The Scent Of Alcohol Can Lower Inhibition, According To New Research
It's common knowledge that consuming alcohol makes you less conscious of your behavior — but new research is showing that the scent of alcohol can lower your inhibitions, too. In a new study published by the journal Psychopharmacology, it appears that there's a correlation between the scent of alcohol and self-control. What this means is that there could be another stimulus that accounts for why people find it so hard not to drink while in the presence of alcohol, and of course, a psychological reason why people become reckless after having consumed it.
In the study, psychologists used 40 people who drink socially, between the ages of 19 and 48. Each participant got a mask, which was soaked in a solution. Half of the masks were soaked in vodka, and the others were soaked in citrus oil. While wearing the masks, the participants undertook a go/no-go association task (GNAT), a computer game designed to measure implicit social cognition and unconscious responses. During the game, some participants were shown letters of the alphabet and told to push the button when they saw the letter "K." Others had to look for a beer bottle amid photos of water bottles.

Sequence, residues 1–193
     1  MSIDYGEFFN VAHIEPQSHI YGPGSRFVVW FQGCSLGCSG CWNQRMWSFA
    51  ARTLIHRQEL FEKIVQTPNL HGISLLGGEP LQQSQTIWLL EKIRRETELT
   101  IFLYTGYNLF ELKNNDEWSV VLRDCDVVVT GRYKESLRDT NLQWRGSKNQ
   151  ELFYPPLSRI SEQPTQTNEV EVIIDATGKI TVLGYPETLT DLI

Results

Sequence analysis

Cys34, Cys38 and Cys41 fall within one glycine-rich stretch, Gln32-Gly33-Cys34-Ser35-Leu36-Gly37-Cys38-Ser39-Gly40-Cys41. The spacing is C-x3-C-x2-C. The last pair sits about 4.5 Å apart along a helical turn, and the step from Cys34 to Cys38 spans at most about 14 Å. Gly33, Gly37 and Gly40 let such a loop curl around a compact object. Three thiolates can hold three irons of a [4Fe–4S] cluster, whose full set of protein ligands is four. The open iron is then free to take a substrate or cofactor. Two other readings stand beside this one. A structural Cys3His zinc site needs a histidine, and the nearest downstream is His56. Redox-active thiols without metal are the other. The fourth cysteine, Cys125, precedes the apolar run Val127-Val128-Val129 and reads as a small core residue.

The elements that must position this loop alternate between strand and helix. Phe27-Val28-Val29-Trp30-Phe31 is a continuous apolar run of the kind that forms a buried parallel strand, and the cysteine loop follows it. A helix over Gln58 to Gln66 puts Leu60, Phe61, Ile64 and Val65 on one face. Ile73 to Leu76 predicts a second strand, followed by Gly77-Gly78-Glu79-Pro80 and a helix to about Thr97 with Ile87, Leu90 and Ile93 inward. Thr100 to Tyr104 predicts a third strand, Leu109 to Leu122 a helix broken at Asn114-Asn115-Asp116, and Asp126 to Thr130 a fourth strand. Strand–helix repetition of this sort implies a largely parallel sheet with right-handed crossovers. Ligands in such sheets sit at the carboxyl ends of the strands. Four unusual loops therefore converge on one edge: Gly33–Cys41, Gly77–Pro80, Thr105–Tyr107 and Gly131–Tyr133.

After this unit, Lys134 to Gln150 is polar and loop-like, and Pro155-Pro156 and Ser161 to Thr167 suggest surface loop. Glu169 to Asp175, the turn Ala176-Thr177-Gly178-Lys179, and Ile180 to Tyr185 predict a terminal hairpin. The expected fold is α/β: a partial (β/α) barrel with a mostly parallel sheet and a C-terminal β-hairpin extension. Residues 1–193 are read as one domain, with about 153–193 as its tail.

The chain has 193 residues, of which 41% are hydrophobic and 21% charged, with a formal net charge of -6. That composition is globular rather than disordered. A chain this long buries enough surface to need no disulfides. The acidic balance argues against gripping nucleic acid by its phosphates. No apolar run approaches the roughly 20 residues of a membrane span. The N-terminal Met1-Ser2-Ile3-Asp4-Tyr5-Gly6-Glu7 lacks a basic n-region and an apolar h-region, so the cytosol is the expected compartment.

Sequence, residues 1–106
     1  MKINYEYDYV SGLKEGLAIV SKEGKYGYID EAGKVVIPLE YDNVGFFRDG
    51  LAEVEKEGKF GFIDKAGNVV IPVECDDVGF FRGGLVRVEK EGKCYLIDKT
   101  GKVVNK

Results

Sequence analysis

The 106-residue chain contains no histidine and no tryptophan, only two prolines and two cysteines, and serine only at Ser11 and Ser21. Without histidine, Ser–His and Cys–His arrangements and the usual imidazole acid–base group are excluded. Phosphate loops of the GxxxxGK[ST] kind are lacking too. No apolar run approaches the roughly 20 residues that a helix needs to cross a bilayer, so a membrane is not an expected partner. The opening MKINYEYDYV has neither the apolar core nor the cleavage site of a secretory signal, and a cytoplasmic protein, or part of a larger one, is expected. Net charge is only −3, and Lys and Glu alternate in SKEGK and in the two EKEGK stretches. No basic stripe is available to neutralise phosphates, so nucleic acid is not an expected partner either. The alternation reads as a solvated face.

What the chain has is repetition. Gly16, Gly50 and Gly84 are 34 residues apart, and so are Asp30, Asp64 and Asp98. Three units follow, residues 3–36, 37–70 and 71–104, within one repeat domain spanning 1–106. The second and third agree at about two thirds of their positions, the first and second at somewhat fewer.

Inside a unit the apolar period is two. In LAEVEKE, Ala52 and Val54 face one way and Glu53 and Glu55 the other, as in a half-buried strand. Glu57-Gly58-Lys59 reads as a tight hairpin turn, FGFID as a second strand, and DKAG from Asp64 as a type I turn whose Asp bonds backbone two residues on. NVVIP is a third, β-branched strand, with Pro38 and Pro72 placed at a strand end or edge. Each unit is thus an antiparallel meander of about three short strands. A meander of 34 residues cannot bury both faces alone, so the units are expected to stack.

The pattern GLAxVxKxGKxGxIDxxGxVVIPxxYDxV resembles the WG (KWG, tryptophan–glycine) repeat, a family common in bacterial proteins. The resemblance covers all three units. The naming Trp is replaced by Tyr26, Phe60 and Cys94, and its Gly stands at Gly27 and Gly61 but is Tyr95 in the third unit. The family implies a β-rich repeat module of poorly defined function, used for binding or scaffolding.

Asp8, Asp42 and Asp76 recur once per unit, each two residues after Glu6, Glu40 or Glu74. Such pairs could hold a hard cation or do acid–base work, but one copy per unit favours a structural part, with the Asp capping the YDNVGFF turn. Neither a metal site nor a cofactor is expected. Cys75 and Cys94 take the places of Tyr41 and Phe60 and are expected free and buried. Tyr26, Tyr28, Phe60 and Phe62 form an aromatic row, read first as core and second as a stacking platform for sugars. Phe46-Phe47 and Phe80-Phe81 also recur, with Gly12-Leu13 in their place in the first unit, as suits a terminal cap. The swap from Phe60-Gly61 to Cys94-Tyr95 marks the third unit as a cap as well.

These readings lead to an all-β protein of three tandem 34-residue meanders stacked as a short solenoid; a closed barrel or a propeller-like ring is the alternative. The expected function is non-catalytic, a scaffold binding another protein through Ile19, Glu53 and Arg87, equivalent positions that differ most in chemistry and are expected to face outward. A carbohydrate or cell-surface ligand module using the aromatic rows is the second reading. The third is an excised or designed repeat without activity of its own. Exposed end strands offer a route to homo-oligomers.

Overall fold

The results showed that the people who were looking for the beer bottle were better at restraining themselves than those looking for the letter "K." However, the participants that had the vodka-soaked masks displayed a significantly lower amount of impulse control than those with the citrus. The researchers argue that if just the smell of booze is enough to lower inhibitions, it's not a surprise that alcoholism is so difficult to overcome. Though it was a small study, it presents important information regarding alcohol and substance abuse. "Our hope is that by increasing our understanding of how context shapes substance-use behaviors, we will be able to make interventions more sensitive to the different situations in which people consume substances," wrote co-author Derek Heim.
"This research is a first attempt to explore other triggers, such as smell, that may interfere with people's ability to refrain from a particular behavior,” co-author Rebecca Monk added. "For example, during the experiment, it seemed that just the smell of alcohol was making it harder for participants to control their behavior to stop pressing a button.”
So while conclusions can only be preliminary for now, it does say something about the way we process things holistically. Whether by sight, smell, or even taste, our cognition associates certain things with certain behaviors, and we operate on autopilot. It's something to consider in terms of how you structure your days and what your habits consist of. A lot of your impulses may be just pre-programmed responses.